There are signs that the authorities are contemplating on blocking or banning social media networks such as Facebook within Sri Lanka following two schoolgirls committing suicide after incidents related to Facebook. One media report said that the Police and the Children and Women’s Bureau have decided to bring in legislation to enable law enforcement authorities to impose severe penalties on individuals helping and encouraging young people between 16 and 18 years to use Facebook or any other social media networks.
Another media report quoted Director General of the Telecommunication Regulatory Commission Anusha Pelpita as saying that he could shut down Facebook in Sri Lanka if the government took a policy decision to that effect.
However, it is puzzling as to how one would come to a conclusion that social media networks are responsible for the recent unfortunate incidents of suicide by two schoolgirls. In one incident, a girl had been reprimanded by the principal of her school for posting unsuitable pictures on her Facebook page which reportedly led to her suicide, while in the other incident a girl had sent her boyfriend whom she had befriended through the Facebook another girl’s pictures claiming that they were hers, and committed suicide after her lie was exposed.
It is true that Facebook had involvements in both incidents. But it is difficult for one to point the finger at Facebook as there are other factors which led to these suicides. In the first incident, one has to consider in which way the schoolgirl had used Facebook, the alleged severity of the principal’s reprimand and other aspects before passing judgment on the social media network. The fact that the principal has been released on bail after being arrested over the incident is another matter to be taken into account.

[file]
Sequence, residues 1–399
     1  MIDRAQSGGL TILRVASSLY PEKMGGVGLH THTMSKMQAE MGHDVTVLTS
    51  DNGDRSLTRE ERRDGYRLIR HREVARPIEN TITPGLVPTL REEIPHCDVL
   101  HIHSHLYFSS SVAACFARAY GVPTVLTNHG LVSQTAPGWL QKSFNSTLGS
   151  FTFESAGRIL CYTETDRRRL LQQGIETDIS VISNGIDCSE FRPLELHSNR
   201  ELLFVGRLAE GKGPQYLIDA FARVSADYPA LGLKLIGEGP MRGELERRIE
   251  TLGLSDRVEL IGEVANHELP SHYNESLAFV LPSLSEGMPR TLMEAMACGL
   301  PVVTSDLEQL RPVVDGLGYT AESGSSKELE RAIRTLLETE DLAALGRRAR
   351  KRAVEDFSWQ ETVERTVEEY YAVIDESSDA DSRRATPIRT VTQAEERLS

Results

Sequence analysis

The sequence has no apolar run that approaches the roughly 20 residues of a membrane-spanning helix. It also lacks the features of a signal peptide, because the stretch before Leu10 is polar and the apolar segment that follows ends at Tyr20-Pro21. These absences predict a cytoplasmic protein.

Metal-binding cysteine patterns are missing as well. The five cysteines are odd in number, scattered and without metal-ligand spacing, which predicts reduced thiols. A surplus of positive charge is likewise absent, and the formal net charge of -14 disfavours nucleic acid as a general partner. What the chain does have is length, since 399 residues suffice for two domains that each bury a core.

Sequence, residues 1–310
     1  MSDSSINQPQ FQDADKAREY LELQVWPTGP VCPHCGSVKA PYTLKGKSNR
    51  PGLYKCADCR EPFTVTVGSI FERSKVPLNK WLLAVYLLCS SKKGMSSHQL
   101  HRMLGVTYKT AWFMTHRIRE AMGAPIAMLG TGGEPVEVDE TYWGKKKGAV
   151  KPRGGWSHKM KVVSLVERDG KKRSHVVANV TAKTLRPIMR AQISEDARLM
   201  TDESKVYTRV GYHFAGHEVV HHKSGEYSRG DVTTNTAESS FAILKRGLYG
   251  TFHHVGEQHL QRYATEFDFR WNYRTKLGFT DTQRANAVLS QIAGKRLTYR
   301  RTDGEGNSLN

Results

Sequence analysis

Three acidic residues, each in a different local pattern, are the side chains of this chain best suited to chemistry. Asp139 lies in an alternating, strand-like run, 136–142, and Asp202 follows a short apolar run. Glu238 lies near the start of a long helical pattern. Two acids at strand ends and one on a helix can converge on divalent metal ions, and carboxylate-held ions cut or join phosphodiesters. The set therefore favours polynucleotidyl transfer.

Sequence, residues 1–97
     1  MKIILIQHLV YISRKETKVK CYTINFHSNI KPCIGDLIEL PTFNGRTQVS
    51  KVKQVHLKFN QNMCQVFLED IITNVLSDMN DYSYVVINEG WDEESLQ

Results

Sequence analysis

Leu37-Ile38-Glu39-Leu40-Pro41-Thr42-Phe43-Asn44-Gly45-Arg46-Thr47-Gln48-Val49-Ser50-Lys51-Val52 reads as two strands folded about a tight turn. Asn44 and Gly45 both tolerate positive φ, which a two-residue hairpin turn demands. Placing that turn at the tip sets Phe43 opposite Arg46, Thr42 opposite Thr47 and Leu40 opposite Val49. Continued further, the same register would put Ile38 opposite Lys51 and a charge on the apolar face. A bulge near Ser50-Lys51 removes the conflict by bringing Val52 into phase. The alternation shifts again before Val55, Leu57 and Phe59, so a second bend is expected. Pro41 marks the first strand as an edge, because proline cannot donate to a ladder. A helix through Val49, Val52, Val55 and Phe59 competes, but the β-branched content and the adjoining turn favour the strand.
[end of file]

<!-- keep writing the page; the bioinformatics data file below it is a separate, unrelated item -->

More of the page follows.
It is too early to decide whether it was a characteristic weakness of the schoolgirl or the severity of the principal’s reprimand that caused her to kill herself.
In the second incident, the girl had impersonated herself in the Facebook, and once exposed, she was not able to cope with the situation. She could have done the same thing using a marriage-proposal-section of a different media or on the Internet itself and could have faced the same fate.
It is true, that mobile phones and social media networks in particular and the Internet in general are double-edged blades that have to be used sensibly, especially in the hands of children.
On the other hand, these tools of communication and education are of immense advantage in the modern world, not only for adults but also for children despite their potential harms. Banning them in toto for individual incidents would not be a prudent answer.
There was a story in a media the other day about a young mother meeting with a tragic end when she was hurled onto the road after her saree got entangled in the rear wheel of her husband’s motorcycle and was run over by a heavy vehicle. But no sane person would suggest banning motorcycles or sarees or heavy vehicles to prevent recurrence of such incidents. As President Mahinda Rajapaksa recently pointed out parents and teachers have to be more vigilant about children who use social media networks.